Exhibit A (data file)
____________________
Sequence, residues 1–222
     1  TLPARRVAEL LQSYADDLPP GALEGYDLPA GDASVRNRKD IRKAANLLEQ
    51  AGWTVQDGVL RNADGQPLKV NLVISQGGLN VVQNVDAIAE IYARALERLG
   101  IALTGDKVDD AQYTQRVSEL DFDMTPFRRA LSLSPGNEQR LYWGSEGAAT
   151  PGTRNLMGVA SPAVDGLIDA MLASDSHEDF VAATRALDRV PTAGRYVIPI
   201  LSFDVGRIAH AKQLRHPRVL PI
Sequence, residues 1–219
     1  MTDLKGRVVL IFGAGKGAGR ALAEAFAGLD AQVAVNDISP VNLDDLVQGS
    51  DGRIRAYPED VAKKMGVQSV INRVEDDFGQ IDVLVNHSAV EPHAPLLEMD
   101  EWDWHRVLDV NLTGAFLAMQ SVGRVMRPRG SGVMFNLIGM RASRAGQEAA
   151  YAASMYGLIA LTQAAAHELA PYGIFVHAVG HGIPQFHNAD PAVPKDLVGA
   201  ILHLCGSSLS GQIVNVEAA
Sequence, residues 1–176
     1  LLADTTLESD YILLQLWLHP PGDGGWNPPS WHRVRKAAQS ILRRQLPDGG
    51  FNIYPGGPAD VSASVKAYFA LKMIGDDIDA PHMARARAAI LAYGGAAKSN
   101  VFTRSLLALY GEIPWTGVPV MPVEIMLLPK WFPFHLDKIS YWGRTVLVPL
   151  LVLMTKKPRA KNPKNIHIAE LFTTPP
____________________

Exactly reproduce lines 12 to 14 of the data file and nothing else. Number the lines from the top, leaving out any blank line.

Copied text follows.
   201  ILHLCGSSLS GQIVNVEAA
Sequence, residues 1–176
     1  LLADTTLESD YILLQLWLHP PGDGGWNPPS WHRVRKAAQS ILRRQLPDGG